Then you have to factor in Korea being relatively geographically isolated, and in effect, an island in terms of trade. Literally everything has to come in either by sea or by air. There is no rail line or highway to another country. There are no other countries right next door that you can rely on, like the way the Dutch can with Germany and France. The distances across the Pacific are substantially greater than the Atlantic as well. Additionally, the two closest countries, China and Japan, are also high-population countries, with Japan being in a near-identical situation to Korea.

The people who come from places where food is cheap and think things are overpriced? Canada, the United States, Australia. Countries that are at the bottom of the density in terms of arable land situation.

In effect, it's the equivalent of some hayseed from Kansas wondering why rent is so expensive in Manhattan.


  • thunderlips
  • Hero of Waygookistan

    • 1402

    • June 07, 2012, 10:01:55 am
    • South Korea
Re: South Koreans develop a taste for cheese
« Reply #37 on: July 06, 2018, 11:12:06 am »
well, yes, if you can catch him when he's about. most food has to be bought from a mart or market. most fruit, vegetables and meat here is, either way, a rip off. i don't think there's anyone here that can argue against that
While there might be some price bloat, I think people who complain about the prices really don't grasp the agricultural situation of South Korea, as well as it's import situation. You're talking about an incredibly dense country, one that is basically a step away from microstate levels. When you factor in arable land, it gets even worse. The only countries that exceed it in terms of density in relation to arable land are microstates and desert countries. Now add in South Korea's lack of natural resources.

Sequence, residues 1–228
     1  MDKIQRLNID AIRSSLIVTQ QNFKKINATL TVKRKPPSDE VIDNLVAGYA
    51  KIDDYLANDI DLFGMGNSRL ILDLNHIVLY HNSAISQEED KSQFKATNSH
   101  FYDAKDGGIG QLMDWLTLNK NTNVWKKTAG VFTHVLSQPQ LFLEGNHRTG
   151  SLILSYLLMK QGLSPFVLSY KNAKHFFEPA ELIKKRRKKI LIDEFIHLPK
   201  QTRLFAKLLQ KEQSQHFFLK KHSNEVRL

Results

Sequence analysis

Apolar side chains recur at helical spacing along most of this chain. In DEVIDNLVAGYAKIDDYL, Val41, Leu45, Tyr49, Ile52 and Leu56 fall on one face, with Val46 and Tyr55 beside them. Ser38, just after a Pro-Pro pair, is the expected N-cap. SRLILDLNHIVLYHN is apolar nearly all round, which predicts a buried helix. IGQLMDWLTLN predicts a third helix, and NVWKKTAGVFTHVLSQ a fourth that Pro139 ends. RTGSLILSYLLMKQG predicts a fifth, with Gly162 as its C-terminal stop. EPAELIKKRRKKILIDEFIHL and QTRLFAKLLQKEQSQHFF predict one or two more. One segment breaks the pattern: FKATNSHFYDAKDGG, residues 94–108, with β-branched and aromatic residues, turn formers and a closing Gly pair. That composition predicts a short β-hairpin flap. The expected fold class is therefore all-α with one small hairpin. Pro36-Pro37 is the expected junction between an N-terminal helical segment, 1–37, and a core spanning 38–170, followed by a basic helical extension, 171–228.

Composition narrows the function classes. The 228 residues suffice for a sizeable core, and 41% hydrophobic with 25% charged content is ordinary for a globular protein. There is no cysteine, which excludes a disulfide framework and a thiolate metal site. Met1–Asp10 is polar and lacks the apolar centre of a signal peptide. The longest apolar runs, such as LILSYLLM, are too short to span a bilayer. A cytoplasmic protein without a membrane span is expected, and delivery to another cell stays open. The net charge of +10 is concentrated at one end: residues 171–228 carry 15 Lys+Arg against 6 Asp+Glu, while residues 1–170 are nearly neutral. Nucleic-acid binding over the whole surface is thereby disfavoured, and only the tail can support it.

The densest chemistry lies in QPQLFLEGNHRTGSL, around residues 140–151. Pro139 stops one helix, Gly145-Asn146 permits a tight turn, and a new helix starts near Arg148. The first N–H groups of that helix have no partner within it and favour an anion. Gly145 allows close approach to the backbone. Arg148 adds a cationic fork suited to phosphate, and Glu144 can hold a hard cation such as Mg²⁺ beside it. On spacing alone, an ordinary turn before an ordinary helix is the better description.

The sheer scarcity of land means this is a problem for food prices.

Then you have to factor in Korea being relatively geographically isolated, and in effect, an island in terms of trade. Literally everything has to come in either by sea or by air. There is no rail line or highway to another country. There are no other countries right next door that you can rely on, like the way the Dutch can with Germany and France. The distances across the Pacific are substantially greater than the Atlantic as well. Additionally, the two closest countries, China and Japan, are also high-population countries, with Japan being in a near-identical situation to Korea.

The people who come from places where food is cheap and think things are overpriced? Canada, the United States, Australia. Countries that are at the bottom of the density in terms of arable land situation.